A couple of people have pointed me today at a piece in MediaPost about NBC‘s new venture into in-store TV sales.
Guys like Rob Gorrie and Bill Gerba have already commented on the merits and prospects of that (I’ll say only that it will be a big wet fart unless they have truly dedicated, laser-focused sales people).
What I found interest in Joe Mandese’s piece was the history lesson he provided.
… NBC’s deal with Premier Retail Networks isn’t the first time it’s ruffled its feathers in the retail media space. Anyone remember NBC On-Site? I do. I was a young reporter at Advertising Age when I wrote what was likely the longest media venture profile story every published by the venerable trade magazine. That venture, a partnership with grocery giant Flemming Industries, cost NBC and parent General Electric millions in start-up costs before it eventually pulled the plug, amid a broader shake-out in what were then called “place-based” media networks.
NBC was not alone. Turner Broadcasting sunk millions into the Checkout Channel and even dabbled with a McDonald’s TV network, before it pulled those plugs. This was during the pre-Internet, early 1990s, when big TV outlets were looking to expand their shelf space, and didn’t have the Web to contend with. Physical space seemed like a good idea for extending their franchise. Pioneering Whittle Communications had already paved the way with networks on college campuses, in doctors’ offices and even in public schools. In fact, Whittle’s Channel One is one of the few survivors of the first wave of place-based television, though it has since changed hands from Whittle to Primedia and now to Alloy Media. The only other significant out-of-home television network from that period to actually make a go of it is CNN’s Airport Network.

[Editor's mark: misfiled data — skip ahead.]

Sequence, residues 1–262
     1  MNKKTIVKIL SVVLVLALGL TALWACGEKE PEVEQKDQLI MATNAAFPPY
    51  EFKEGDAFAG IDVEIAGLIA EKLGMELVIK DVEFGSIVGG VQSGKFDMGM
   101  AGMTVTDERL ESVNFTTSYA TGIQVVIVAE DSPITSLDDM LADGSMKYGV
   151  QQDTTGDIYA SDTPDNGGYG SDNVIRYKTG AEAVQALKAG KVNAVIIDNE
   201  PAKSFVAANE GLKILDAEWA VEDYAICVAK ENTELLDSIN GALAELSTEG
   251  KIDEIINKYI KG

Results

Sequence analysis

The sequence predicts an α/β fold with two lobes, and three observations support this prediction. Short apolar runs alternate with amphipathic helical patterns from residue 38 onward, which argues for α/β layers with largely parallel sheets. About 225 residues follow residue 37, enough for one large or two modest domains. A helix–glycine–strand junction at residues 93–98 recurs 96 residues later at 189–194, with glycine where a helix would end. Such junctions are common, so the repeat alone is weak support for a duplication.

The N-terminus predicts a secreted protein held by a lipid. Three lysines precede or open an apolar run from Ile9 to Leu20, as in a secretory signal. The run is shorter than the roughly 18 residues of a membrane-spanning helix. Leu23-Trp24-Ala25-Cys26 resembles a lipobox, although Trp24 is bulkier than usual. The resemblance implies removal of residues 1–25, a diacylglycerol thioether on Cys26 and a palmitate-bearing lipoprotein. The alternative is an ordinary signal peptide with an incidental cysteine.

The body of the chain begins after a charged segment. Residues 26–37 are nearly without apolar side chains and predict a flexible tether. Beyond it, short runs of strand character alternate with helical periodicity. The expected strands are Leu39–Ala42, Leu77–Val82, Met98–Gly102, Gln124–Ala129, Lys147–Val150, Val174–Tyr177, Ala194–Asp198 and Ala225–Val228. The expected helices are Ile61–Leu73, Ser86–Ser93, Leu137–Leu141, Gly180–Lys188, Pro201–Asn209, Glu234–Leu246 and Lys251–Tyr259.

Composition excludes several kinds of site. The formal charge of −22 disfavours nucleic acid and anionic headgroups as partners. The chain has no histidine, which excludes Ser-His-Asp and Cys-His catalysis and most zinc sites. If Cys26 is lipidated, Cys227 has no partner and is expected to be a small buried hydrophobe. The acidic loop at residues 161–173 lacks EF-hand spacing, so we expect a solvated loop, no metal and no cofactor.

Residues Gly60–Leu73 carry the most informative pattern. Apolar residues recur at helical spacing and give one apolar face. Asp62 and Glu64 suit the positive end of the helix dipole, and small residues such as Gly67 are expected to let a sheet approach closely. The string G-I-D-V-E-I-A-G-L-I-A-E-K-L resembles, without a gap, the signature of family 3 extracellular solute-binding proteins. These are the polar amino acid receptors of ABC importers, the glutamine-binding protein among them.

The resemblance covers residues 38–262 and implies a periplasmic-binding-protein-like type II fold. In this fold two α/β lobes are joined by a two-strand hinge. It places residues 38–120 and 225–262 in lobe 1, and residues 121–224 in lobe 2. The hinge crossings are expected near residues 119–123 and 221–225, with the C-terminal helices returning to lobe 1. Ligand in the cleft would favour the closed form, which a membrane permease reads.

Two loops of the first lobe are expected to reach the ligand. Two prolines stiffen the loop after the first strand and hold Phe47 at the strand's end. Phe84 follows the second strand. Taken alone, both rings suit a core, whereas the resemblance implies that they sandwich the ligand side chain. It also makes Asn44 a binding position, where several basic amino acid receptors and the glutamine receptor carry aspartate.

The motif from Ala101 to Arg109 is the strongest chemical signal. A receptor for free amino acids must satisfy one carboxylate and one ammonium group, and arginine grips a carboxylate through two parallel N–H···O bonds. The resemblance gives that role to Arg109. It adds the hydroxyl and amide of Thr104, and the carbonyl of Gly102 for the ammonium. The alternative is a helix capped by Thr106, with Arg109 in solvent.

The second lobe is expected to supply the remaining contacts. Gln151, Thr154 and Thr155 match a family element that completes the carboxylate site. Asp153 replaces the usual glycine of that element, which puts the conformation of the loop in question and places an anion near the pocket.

Among the problems that beset those early incarnations were some important proximity-based issues, and high capital costs. The emergence of low-cost digital screens, wi-fi and broadband access has mitigated the cost part of the equation. Proximity issue can still be an important factor. Both NBC On-Site and the Checkout Channel ultimately checked out, partly because they could not figure the whole silent TV thing, when it turned out that both patrons and retail workers weren’t especially fond of the same audio tracks being looped over and over again. It was so irritating, in fact, that many stores simply pulled the plug.
I have been around long enough to remember all that stuff, but I suspect there are a lot of people in this space that think the whole thing just started when companies like Elevator New Network, PRN and Accent Health started sticking screens in places. What we’re doing isn’t particularly revolutionary. Evolutionary is alot more appropriate.
Dave Haynes is the founder and editor of Sixteen:Nine, an online publication that has followed the digital signage industry for more than 13 years. Dave does strategic advisory consulting work for many end-users and vendors, and also writes for many of them. He’s based near Halifax, Nova Scotia.